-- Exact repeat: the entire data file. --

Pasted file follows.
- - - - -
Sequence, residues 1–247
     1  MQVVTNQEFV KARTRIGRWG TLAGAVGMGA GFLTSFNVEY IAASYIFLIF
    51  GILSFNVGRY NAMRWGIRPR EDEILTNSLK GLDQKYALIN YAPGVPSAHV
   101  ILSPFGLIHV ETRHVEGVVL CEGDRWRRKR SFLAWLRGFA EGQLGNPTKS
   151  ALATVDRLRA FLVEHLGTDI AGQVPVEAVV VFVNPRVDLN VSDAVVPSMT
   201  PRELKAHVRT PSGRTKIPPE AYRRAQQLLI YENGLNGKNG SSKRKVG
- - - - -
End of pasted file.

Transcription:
Sequence, residues 1–247
     1  MQVVTNQEFV KARTRIGRWG TLAGAVGMGA GFLTSFNVEY IAASYIFLIF
    51  GILSFNVGRY NAMRWGIRPR EDEILTNSLK GLDQKYALIN YAPGVPSAHV
   101  ILSPFGLIHV ETRHVEGVVL CEGDRWRRKR SFLAWLRGFA EGQLGNPTKS
   151  ALATVDRLRA FLVEHLGTDI AGQVPVEAVV VFVNPRVDLN VSDAVVPSMT
   201  PRELKAHVRT PSGRTKIPPE AYRRAQQLLI YENGLNGKNG SSKRKVG